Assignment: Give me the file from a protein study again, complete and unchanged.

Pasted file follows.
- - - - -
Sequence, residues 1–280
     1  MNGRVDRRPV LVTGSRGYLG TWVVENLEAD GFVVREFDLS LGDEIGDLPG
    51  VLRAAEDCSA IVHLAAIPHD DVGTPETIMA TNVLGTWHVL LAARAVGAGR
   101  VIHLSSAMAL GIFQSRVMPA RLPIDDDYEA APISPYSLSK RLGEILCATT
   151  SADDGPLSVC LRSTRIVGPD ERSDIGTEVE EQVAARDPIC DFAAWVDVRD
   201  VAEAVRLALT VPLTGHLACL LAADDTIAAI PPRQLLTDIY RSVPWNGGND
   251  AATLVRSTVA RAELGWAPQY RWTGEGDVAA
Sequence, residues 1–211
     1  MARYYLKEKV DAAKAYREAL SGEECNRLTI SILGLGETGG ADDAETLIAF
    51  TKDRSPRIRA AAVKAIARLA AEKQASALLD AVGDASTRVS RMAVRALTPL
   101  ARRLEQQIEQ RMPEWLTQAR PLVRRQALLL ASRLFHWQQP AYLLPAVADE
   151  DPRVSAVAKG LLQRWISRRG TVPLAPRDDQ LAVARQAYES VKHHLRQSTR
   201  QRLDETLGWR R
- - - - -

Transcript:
Sequence, residues 1–280
     1  MNGRVDRRPV LVTGSRGYLG TWVVENLEAD GFVVREFDLS LGDEIGDLPG
    51  VLRAAEDCSA IVHLAAIPHD DVGTPETIMA TNVLGTWHVL LAARAVGAGR
   101  VIHLSSAMAL GIFQSRVMPA RLPIDDDYEA APISPYSLSK RLGEILCATT
   151  SADDGPLSVC LRSTRIVGPD ERSDIGTEVE EQVAARDPIC DFAAWVDVRD
   201  VAEAVRLALT VPLTGHLACL LAADDTIAAI PPRQLLTDIY RSVPWNGGND
   251  AATLVRSTVA RAELGWAPQY RWTGEGDVAA
Sequence, residues 1–211
     1  MARYYLKEKV DAAKAYREAL SGEECNRLTI SILGLGETGG ADDAETLIAF
    51  TKDRSPRIRA AAVKAIARLA AEKQASALLD AVGDASTRVS RMAVRALTPL
   101  ARRLEQQIEQ RMPEWLTQAR PLVRRQALLL ASRLFHWQQP AYLLPAVADE
   151  DPRVSAVAKG LLQRWISRRG TVPLAPRDDQ LAVARQAYES VKHHLRQSTR
   201  QRLDETLGWR R